The fact that a software like NSO’s Pegasus could snoop in on everything you do on your smartphone has prompted many to consider a dumb feature phone for at least some conversations. However, going the Chellam Sir way could be the stupidest thing one could do in the present circumstances, especially if you are the kind of person who could be of interest, warns Saket Modi, Co-Founder and CEO – Safe Security.
“That is an absolute disaster,” Modi says when asked if people should move to feature phones with no smartness at all. “I’ll tell you why. It basically takes less than 15 minutes for a Class 12 computer science kid to listen in to your 2G conversations, it’s that easy,” he says in the latest episode of Our Own Devices.
Modi, who is now based in Palo Alto running his business risk quantification company, explains that 2G uses an authentication and encryption mechanism which was “publicly broken in 1998 or 1999”. “So it’s been more than 20 years that these have been extremely unsecured ways of communication,” he says, adding that hacking into a 2G communication is as simple as “putting an antenna, connecting it to your laptop, capturing the packets and decrypting it which takes a few minutes”. He adds: “I don’t have a problem with the handsets but the telecom band that you will be using is an extremely unsecured one.”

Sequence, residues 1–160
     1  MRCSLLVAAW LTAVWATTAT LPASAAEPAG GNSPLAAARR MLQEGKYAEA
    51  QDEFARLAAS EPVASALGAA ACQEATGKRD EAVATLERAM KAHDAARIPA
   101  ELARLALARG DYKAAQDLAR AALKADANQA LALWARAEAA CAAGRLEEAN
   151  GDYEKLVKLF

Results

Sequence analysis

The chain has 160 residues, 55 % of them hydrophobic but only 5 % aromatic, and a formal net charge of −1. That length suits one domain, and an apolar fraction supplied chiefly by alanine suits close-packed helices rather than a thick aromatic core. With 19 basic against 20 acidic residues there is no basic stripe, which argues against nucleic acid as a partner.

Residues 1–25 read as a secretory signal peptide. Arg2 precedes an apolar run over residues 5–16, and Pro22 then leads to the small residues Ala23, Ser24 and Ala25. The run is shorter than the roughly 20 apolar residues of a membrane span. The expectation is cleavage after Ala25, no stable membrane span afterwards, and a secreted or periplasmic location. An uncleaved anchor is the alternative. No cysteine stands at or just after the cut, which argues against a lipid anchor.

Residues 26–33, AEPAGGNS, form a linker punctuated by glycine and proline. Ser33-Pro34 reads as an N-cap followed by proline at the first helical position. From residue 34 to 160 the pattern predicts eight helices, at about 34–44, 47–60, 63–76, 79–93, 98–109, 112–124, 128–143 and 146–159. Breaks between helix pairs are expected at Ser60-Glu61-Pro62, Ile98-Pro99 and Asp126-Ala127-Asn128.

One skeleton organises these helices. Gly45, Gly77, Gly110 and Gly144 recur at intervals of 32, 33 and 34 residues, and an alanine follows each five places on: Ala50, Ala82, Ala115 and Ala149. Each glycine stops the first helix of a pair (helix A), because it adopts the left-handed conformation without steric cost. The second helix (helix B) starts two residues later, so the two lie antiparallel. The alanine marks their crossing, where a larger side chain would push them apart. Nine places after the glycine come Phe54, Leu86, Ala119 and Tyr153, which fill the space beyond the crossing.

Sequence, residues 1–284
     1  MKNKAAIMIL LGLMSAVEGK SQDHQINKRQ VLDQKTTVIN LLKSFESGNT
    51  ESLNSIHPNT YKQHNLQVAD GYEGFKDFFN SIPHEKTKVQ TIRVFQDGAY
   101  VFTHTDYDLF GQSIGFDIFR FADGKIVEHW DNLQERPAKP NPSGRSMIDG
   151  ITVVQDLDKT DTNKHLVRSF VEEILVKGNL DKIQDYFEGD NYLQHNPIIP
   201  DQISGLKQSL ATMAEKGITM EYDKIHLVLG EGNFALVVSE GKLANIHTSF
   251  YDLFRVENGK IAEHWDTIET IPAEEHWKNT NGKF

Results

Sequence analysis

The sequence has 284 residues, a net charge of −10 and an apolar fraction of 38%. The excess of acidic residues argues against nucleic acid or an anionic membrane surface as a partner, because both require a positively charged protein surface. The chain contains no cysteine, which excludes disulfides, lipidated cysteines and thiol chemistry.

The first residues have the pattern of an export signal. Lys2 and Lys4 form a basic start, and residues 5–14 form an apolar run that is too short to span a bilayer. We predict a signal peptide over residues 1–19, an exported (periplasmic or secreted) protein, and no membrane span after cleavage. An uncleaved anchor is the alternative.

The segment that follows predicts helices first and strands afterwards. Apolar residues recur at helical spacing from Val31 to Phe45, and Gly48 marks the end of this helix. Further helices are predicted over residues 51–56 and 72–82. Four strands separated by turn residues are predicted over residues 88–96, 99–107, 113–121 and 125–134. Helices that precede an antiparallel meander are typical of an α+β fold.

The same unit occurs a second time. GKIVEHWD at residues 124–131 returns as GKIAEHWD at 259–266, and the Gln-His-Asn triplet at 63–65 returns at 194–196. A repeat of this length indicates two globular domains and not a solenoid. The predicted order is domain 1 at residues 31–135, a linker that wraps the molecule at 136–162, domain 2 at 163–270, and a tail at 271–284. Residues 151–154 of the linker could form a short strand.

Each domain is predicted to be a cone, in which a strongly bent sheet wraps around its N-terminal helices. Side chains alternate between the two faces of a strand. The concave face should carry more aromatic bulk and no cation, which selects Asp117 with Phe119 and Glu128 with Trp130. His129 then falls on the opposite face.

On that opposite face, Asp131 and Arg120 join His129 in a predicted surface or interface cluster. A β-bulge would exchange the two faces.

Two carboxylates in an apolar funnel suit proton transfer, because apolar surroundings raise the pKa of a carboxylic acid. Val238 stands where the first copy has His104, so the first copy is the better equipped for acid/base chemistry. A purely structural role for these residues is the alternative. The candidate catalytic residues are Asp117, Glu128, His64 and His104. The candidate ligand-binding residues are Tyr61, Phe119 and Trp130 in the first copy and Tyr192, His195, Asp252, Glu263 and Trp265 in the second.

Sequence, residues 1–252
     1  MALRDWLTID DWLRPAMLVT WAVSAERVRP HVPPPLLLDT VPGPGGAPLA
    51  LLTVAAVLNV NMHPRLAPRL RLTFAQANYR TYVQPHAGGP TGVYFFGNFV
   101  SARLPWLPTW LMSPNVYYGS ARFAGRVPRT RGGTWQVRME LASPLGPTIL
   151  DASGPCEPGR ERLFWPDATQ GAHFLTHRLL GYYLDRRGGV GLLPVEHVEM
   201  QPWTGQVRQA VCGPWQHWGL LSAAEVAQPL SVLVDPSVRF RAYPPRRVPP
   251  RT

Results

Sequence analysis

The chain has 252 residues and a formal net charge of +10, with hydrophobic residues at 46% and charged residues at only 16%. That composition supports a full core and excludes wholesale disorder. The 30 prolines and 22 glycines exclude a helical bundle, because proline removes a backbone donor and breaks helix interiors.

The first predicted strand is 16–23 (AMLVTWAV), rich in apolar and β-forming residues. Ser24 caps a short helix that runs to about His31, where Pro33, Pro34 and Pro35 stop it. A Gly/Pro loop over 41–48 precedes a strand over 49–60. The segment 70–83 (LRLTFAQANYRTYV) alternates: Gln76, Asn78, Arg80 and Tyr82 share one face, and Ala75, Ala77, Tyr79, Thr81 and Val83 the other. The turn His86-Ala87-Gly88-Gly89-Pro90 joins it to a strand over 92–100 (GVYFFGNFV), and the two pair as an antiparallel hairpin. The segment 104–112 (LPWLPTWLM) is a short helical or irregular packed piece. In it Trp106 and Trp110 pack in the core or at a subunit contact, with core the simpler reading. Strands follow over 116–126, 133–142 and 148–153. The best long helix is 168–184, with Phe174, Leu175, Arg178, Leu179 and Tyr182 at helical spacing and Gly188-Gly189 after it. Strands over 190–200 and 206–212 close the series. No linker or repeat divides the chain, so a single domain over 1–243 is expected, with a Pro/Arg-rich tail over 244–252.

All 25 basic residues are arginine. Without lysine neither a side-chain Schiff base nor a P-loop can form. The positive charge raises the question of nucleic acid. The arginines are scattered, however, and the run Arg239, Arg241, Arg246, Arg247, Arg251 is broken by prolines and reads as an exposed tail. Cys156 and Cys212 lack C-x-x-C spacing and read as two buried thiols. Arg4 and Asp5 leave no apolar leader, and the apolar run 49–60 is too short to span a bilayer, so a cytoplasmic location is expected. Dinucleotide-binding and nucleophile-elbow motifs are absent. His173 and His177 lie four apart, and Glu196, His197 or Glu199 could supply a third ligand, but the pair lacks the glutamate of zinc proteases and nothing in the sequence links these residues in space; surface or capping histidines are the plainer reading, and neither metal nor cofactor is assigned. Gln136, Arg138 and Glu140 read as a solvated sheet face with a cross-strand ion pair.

But it is not all grim news, he says, adding that it’s not easy to unleash a software like Pegasus on everyone because the cost per install is prohibitively high.
So what can someone do to mitigate the threat on their privacy? Well, Modi says the first step is to be aware and to use tools that secure your devices. Then, keep your operating system updated. “It doesn’t matter whether you are on iOS or Android, it’s absolutely a blunder to not have your operating system updated, it’s an extremely important thing to do,” he highlights.
Then Modi suggests the use of multiple messaging platforms, “not one”. “WhatsApp, Signal and most of the chatting applications actually use the same encryption algorithm… but on the other side, there’s a lot of stuff beyond the encryption of messages,” he explains, advocating that user distribute their conversations over different platforms.
Then, he says, “if you can afford, change your phone every nine to 12 months.” One other small thing he wants users to be mindful of is noticing unusual behaviour like “your battery suddenly draining out, or a lot of data being consumed”.